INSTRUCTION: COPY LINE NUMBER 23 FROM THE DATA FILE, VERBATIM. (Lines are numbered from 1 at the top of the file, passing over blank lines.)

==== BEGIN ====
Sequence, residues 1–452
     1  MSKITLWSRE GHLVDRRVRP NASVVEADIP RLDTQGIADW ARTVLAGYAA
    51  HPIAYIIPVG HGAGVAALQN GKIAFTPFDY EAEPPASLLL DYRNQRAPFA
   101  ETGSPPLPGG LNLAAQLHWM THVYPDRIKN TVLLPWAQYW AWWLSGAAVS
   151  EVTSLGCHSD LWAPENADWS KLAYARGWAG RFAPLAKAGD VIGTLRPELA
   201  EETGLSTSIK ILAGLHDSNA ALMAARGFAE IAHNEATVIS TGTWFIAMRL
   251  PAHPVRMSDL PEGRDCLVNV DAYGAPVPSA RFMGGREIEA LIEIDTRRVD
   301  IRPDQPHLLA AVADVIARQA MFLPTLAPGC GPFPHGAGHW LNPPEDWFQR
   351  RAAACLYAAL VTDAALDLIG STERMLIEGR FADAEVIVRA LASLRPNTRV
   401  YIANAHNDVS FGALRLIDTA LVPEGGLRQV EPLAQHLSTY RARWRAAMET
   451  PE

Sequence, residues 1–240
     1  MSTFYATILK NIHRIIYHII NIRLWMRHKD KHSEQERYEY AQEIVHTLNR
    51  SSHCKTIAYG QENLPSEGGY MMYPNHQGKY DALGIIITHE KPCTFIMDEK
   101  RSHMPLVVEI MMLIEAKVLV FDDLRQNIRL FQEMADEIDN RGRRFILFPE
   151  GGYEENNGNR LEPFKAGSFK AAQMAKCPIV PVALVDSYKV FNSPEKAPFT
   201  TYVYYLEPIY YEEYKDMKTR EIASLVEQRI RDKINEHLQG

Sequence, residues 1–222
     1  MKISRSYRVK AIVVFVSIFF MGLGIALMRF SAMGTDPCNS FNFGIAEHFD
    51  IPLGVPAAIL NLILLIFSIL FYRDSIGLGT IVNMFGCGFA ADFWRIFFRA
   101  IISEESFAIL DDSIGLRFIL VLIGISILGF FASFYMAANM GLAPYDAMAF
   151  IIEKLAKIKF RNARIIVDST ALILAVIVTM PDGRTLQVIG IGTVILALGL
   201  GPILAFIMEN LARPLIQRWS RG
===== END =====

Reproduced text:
   201  GPILAFIMEN LARPLIQRWS RG